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Bombing was turning point in preacher & son’s relationship

OKLAHOMA CITY (BP)–Ralph Crawford Sr. and his son, Ralph, are celebrating a new dimension to their relationship.

The elder Crawford, who retired in 1990 after 25 years as pastor of Olivet Baptist Church in Oklahoma City, and his son, an Oklahoma City firefighter, swap tapes of their favorite preachers and talk enthusiastically about what Jesus is doing in them and around them.

“Talk about a total transformation,” said the younger Crawford, 49. “You can ask my parents.”

Transformation came, but only after many years of his parents’ prayers and patient love.

“I didn’t have any more leverage to do anything to make him change,” Crawford Sr. said. “So, consequently, everywhere I went to preach, I asked the people to pray that the Lord would make him so miserable that he wouldn’t be happy until he got back in church.”

The younger Crawford said he always felt conviction, but he didn’t respond until an event six years ago shook him out of his spiritual stupor.

The morning started bright and crisp. Crawford had finished his shift as a firefighter, gone home and cleaned up for his off-duty job at a tennis center.

But upon arriving, his boss told him fire officials were hunting him and needed him to report for duty.

Moments later he found himself standing between two colleagues on a downtown street, peering up and around at unspeakable horror.

The scene in front of the devastated Murrah Federal Building seemed eerily still, Crawford recalled, except that the sound of paper and debris in the offices above whipped back and forth in the springtime breeze and seemed to ring loudly in his ears.

“Can you hear that noise?” Crawford asked the fellow fireman standing beside him.

“He put his hand on my shoulder and said, ‘Ralph, those are angels’ wings.’

“And from that moment on I realized something had changed … that [God] was trying to get my attention. Over the next hours, days and weeks that we were down there, these things were on my heart,” he said.

During the difficult days of search and recovery that followed, Crawford said he was overwhelmed by the gratitude expressed by total strangers in cards, letters and even flowers on his doorstep when he was able to go home for a few hours of rest.

Crawford Sr. said the many years their son rebelled against God were an “awful burden” for him and his wife, Beverly.

At age 8 Crawford Jr. made a profession of faith, but his interest in discipleship waned as he grew older. After joining the Army and later becoming an Oklahoma City firefighter, Crawford said he attended church occasionally to hold a membership and to “pretty much keep Mom and Dad off my back.”

He said a divorce and a series of disappointments embittered him.

“I prayed. But only when I was in trouble. To me, this is as bad as being a drug addict or sex offender. Here I was, scoffing at God. That’s why I’m so moved now when we praise the Lord and I think of his grace toward me.

“As an Oklahoma City firefighter I lived the life I wanted to live, did things I’m not proud of, said things I’m not proud of — just pretty much lived in the gutter, all the time thinking this was happiness and all the time it wasn’t.

“There was a constant tug that was always present. I remember it distinctly and I just kept turning my back.”

After the bombing, Crawford Sr. recounted, his son began having “very serious thoughts about life, consequences of living, and so on.”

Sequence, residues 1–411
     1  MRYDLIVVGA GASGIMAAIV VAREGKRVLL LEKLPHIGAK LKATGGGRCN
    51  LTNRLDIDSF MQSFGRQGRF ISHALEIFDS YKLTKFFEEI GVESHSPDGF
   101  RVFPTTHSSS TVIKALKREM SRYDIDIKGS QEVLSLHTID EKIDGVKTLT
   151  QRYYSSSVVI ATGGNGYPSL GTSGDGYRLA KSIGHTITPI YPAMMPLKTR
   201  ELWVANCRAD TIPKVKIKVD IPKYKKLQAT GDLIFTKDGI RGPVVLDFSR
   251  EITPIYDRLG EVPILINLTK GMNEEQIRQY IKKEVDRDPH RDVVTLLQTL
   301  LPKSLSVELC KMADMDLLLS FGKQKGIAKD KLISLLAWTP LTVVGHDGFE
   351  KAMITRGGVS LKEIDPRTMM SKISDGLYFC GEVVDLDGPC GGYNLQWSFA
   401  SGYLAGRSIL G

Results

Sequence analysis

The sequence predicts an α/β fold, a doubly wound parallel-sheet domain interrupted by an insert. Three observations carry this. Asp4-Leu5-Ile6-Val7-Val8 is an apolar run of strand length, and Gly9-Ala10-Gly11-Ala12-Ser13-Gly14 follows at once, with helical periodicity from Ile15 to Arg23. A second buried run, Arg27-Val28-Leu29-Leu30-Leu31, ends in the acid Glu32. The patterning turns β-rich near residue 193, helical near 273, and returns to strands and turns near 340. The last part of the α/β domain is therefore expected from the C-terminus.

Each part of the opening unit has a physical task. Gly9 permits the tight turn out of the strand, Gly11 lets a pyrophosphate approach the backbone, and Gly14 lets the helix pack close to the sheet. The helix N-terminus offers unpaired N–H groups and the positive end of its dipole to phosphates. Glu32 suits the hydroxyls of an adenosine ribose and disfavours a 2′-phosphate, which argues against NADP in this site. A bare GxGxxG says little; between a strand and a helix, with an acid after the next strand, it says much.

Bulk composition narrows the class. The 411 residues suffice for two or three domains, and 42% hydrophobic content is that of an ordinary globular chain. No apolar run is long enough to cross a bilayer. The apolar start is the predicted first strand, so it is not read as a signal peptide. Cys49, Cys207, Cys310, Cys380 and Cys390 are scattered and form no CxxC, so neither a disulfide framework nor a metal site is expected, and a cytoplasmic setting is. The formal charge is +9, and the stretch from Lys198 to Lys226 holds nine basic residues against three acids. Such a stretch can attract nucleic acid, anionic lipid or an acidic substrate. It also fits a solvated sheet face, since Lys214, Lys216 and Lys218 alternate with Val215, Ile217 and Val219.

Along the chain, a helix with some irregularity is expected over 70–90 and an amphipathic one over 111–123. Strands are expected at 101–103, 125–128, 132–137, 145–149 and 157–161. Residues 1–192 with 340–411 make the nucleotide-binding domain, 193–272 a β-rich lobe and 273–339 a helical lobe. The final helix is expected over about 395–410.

As the months passed after the tragedy, Crawford Jr. began reading his Bible, tuning in to radio and television preachers and attending church more.

He also met a woman, Laura Herriage, who later became his wife. “We started going to church and doing things together. The Lord was using [Laura] to teach me some of the things I needed to know. Not just Bible stuff or spiritual stuff, but just things in life that I had totally messed up.”

A few months later, in fall 1996, Crawford and Herriage, an Oklahoma Baptist University graduate who taught English and helped start churches in Russia for several years, were married.

“God kinda put me on a crash course and he knew I had to have a live-in teacher, so he sent her along,” Crawford said of Laura, who teaches seventh-grade English.

While dating, they attended and later joined Heritage Baptist Church in Oklahoma City, where Laura sings in the choir and Crawford is involved in the prayer ministry.

Crawford Sr., who still preaches frequently as an interim pastor or in revival meetings, said his son kept giving him sermon tapes of the pastor at Heritage, Dan Maxwell. At a recent revival meeting in which Crawford Sr. was preaching, he introduced the oldest of his two sons, who had slipped into the service.

“This is the kid I had you all pray for, and right now he’s driving me crazy listening to tapes from church, from Chuck Swindoll, wanting me to hear this and that — and he’s driven me crazy to the point that I had to join his church.

“I’m just as engrossed in his church as he was before we joined there, and it just thrills his soul to know that his dad is following in his footsteps now,” Crawford Sr. said.

For Crawford Jr., life is markedly different than 10 or 12 years ago.

“What makes it even better is my children [ages 19 and 13] have a Christian walk and now they’re seeing their dad have a walk with the Lord, not use the language that he did before, not act the way he did before, not have the self-centered attitude, but just seeing me rely upon the Lord.”

His newfound zeal for God has strengthened the relationship of father and son, Crawford Sr. said. “It’s like [the apostle] Paul said to the Romans — ‘I long to see you that I might impart to you some spiritual gift, to the end that you and I could be established in the faith.'”

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  • Jerry Pierce